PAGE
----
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Attention-Deficit/Hyperactivity Disorder in School-Aged Children : Association with Maternal Mental Health and Use of Health Care Resources Catherine A. Lesesne, Susanna N. Visser, And Carla P. White Full Article in Pediatrics May 2003;111(5 Supple Pt 2)12

By Department of Health and Human Services

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Book Id: WPLBN0000221079
Format Type: PDF eBook
File Size: 0.2 MB
Reproduction Date: 2005

Title: Attention-Deficit/Hyperactivity Disorder in School-Aged Children : Association with Maternal Mental Health and Use of Health Care Resources Catherine A. Lesesne, Susanna N. Visser, And Carla P. White Full Article in Pediatrics May 2003;111(5 Supple Pt 2)12  
Author: Department of Health and Human Services
Volume:
Language: English
Subject: Health., Medical research, Medical reports
Collections: Medical Library Collection
Historic
Publication Date:
Publisher: Centers for Disease Control and Prevention

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Health And Human Services, D. O. (n.d.). Attention-Deficit/Hyperactivity Disorder in School-Aged Children : Association with Maternal Mental Health and Use of Health Care Resources Catherine A. Lesesne, Susanna N. Visser, And Carla P. White Full Article in Pediatrics May 2003;111(5 Supple Pt 2)12. Retrieved from http://www.worldebooklibrary.com/


Excerpt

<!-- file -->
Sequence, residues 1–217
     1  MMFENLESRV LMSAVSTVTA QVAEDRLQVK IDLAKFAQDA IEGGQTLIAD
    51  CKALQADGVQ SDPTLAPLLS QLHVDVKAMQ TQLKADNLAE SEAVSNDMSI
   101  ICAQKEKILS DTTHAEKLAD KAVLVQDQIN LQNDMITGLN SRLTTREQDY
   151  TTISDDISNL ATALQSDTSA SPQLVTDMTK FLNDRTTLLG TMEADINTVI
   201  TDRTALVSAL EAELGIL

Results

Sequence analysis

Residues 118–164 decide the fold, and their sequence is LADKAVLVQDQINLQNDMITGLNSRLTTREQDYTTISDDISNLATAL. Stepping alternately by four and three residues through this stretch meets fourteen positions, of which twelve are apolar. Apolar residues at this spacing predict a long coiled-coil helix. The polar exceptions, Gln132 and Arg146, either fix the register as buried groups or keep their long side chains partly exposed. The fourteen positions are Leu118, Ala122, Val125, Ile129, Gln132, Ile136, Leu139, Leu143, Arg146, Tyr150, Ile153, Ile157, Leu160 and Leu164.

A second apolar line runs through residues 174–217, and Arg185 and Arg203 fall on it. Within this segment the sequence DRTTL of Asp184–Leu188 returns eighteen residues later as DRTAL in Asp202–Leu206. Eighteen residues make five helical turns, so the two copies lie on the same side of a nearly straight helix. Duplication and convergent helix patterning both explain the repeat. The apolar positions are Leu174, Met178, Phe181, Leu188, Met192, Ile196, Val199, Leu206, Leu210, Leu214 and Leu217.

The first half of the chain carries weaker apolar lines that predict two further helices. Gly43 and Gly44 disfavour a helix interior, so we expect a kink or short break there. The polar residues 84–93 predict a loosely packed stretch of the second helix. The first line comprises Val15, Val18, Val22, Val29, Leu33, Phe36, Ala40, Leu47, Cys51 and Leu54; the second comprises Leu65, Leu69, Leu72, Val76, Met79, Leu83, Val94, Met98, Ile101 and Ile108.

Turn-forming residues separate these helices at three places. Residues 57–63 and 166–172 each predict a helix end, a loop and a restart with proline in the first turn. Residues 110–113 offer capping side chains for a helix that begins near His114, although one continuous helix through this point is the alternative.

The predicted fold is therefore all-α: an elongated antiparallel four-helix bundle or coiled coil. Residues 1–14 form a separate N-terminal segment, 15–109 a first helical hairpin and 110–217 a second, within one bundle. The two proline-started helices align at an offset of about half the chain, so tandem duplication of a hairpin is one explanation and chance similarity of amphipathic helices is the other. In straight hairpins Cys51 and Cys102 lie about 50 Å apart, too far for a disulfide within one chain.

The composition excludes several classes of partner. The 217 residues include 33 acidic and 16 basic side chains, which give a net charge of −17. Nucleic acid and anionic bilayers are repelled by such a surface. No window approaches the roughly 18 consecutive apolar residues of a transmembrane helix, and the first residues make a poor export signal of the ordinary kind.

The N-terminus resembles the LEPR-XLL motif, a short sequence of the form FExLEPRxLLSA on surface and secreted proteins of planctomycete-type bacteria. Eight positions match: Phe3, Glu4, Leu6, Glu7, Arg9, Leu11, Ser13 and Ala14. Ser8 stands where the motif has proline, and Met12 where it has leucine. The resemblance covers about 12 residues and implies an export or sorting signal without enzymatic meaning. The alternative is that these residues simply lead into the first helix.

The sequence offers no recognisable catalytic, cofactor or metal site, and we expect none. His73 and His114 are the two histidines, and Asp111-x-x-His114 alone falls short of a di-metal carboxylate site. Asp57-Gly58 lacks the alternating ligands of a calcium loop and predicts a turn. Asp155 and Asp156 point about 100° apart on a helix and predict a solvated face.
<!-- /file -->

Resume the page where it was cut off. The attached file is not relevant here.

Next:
According to the American Psychiatric Association, Attention-Deficit/Hyperactivity Disorder (ADHD) is a disruptive behavior disorder characterized by on-going inattention and/or hyperactivity occurring in several settings and more frequently and severely than is typical for individuals in the same stage of development. Symptoms begin before 7 years of age and can cause serious difficulties in home, school and/or work life. ADHD can be managed through behavioral or medical interventions, or a combination of the two. What are the findings of this study? CDC researchers reported a fourfold increased association of ADHD in children whose mothers have a chronic and activity-limiting mental health condition (as reported in the 1998 National Health Interview Survey). Families with a child with ADHD use more healthcare resources for their child than unaffected families. Yet these families are significantly more likely to report that they cannot afford prescription medications and mental healthcare services for their child. By considering the mental health of the mother, healthcare providers might be able to reduce the individual, family, and social impact associated with childhood ADHD. Future explorations of this association will largely depend on improvements in the quality of nationally-representative data on the mental health of children and adults, access to mental healthcare services, and the use of these services.

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